Joshua Wong sentenced to 6 months

Joshua was sentenced to 6 months in Hong Kong today for unlawful gathering. For those of you unaware as to who he is, he is most notable for is organising and inciting the 2014 Hong Kong Umbrella protest, the goal of this was to implement a democracy in Hong Kong. For this protest in 2016 he was charged with Unlawful assembly and “Law of Incitement” and sentenced to 80 hours community service he carried this out but today was charged for a second time despite Hong Kong having a double jeopardy law in place.


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That’s bad, but why is it relevant to PPAU and what do you think we should be doing about it?

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Democracy is a major pillar of PPAU and I felt that this would be a good way of starting a discussion about changes to current AU democracy and justice systems that we would implement.


We can offer in principle support. There’s a soft limit on how many issues we can devote energy and time to raising attention towards.

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The obvious starting place is the relevant sections in the existing platform.

There’s plenty of good stuff in there. One thing we don’t talk about in the platform is changing the electoral system, for various reasons (if nothing else, the changes we’d propose would make it easier for minor parties such as ourselves to get elected, and that can come across as attempted goalpost-shifting).

Someone has to talk about it at some point though. Entrenched two party systems don’t do the population any favours and tend to make a mockery of democracy.


Soooo jedb, why not you?
Looking at the PDC working group list just posted, I’m looking for a WG about electoral reform with your name at the front, and I’m not seeing one? What’s with that?

Partly because it didn’t come up in the discussion on IRC. Partly because PPAU is already on record as supporting a Royal Commission into the electoral system. So it’s more a matter of building support and publicity rather than changing/adopting policy.

If there were a royal commission, what testimony would we want to provide?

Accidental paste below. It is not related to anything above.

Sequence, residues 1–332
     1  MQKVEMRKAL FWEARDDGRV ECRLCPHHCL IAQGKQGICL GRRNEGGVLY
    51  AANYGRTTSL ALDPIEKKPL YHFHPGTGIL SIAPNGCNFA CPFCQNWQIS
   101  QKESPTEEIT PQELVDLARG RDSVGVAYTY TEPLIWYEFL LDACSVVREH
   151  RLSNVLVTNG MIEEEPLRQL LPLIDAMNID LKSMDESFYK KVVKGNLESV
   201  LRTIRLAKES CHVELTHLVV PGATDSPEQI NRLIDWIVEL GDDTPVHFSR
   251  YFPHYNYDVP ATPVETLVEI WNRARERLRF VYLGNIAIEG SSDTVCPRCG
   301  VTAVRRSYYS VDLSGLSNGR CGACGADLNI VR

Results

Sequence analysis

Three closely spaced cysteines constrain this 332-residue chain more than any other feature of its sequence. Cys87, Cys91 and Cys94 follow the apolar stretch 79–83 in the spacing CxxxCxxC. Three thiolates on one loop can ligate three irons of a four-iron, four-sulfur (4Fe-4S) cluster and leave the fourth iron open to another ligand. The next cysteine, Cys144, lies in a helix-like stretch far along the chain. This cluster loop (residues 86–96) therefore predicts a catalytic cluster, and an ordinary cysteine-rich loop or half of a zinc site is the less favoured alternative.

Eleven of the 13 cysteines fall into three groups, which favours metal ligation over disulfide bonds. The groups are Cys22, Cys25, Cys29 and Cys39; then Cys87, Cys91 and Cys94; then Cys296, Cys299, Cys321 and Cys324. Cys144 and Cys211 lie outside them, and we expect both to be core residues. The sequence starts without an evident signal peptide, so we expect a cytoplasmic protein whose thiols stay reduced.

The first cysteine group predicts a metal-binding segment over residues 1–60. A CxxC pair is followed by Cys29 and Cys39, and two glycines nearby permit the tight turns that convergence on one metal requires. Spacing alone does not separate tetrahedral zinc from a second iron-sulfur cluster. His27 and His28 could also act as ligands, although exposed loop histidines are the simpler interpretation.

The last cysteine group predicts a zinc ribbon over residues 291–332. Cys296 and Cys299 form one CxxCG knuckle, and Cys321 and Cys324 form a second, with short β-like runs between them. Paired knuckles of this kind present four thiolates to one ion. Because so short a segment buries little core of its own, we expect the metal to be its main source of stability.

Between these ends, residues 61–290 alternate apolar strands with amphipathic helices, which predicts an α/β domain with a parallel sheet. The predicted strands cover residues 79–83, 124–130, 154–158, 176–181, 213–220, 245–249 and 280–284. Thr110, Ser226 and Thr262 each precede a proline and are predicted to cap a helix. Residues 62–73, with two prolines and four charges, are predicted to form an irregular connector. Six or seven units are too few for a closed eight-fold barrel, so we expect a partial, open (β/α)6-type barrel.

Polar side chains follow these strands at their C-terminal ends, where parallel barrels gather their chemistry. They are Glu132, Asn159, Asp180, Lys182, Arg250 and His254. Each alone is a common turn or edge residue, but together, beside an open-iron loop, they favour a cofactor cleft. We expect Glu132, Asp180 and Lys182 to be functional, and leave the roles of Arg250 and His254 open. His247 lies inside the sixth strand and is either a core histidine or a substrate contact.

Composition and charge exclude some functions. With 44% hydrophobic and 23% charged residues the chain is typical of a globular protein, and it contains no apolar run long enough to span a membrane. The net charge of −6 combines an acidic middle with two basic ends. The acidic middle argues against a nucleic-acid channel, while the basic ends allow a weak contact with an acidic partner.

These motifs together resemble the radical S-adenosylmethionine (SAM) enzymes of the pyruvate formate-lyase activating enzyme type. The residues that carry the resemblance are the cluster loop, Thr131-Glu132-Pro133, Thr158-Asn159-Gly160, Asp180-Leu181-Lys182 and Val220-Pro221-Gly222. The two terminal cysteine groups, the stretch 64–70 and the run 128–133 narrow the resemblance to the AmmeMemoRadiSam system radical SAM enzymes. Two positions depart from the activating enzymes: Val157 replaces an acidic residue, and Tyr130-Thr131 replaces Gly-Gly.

What system do we believe would be most fair and reasonable, and why?

I was born in Hong Kong and lived there for years. It’s very sad that Hong Kong is being drawn more and more into the Chinese system and losing what’s most precious in their own society. Freedom and the rule of law are dying by a thousand cuts in Hong Kong and I’d certainly like to see Australia at least saying something in defence of those values. But don’t bet on it, because China hates it when outside countries do that, and the US can’t be counted on to act as any sort of counter-weight.

I don’t know that we can do much to help Joshua Wong, but it’s worth paying attention. The state of global democracy does matter, and the spread of authoritarian ideology in one place often fuels it in others.


International Politics which don’t involve Australia is outside the scope of our Platform. If we get drawn into these then it becomes a slippery slope into involving ourselves into conflicts which have nothing to do with us. Even if some fights are morally right, some of them are morally ambiguous. Even if we did take on this kind of fight, PPAU and Australia are not in a powerful enough position to fight it, and it would just end up hurting relations with other countries, even in ways not related to the incident. It can also hurt getting supporters in our own country if they take particular sides and then we weigh into it against their beliefs, when in reality all we are trying to change is Australia as #1, and the world by the example we set by succeeding.

China is a very powerful country and even though they have a massive list of human right’s violations (which keeps growing), we can’t rock the boat too much because it would be disastrous if they turned against Australia. If anything was to be said at all, and I’m not sure if it does (there are plenty of other organisations who can say things instead, which our members can mutually be apart of), it would need to be very specific to a particular incident instead of taking a line against any country in general.

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Well I do have a lot of useful information and suggestions on that, true. Still doesn’t seem like it belongs in policy though, since the sensible position to take is to have a RC then follow the recommendations. Preempting that by also having a policy pushing for a specific outcome seems off.

What is the most appropriate place for that sort of thing?

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It’s not inconsistent.

  1. We think the current system has problems.
  2. We want an RC to consider big reforms to the system because it’ll get input from everyone and because it has teeth.
  3. In the RC, we’ll advocate XYZ.

Royal commissions take submissions from interested parties.
How interested are we?

Oh, I completely agree such information should be somewhere. It just didn’t seem like the policy platform was the right place for it. But alexjago has a good point, and I think I’ve probably been completely wrong on that.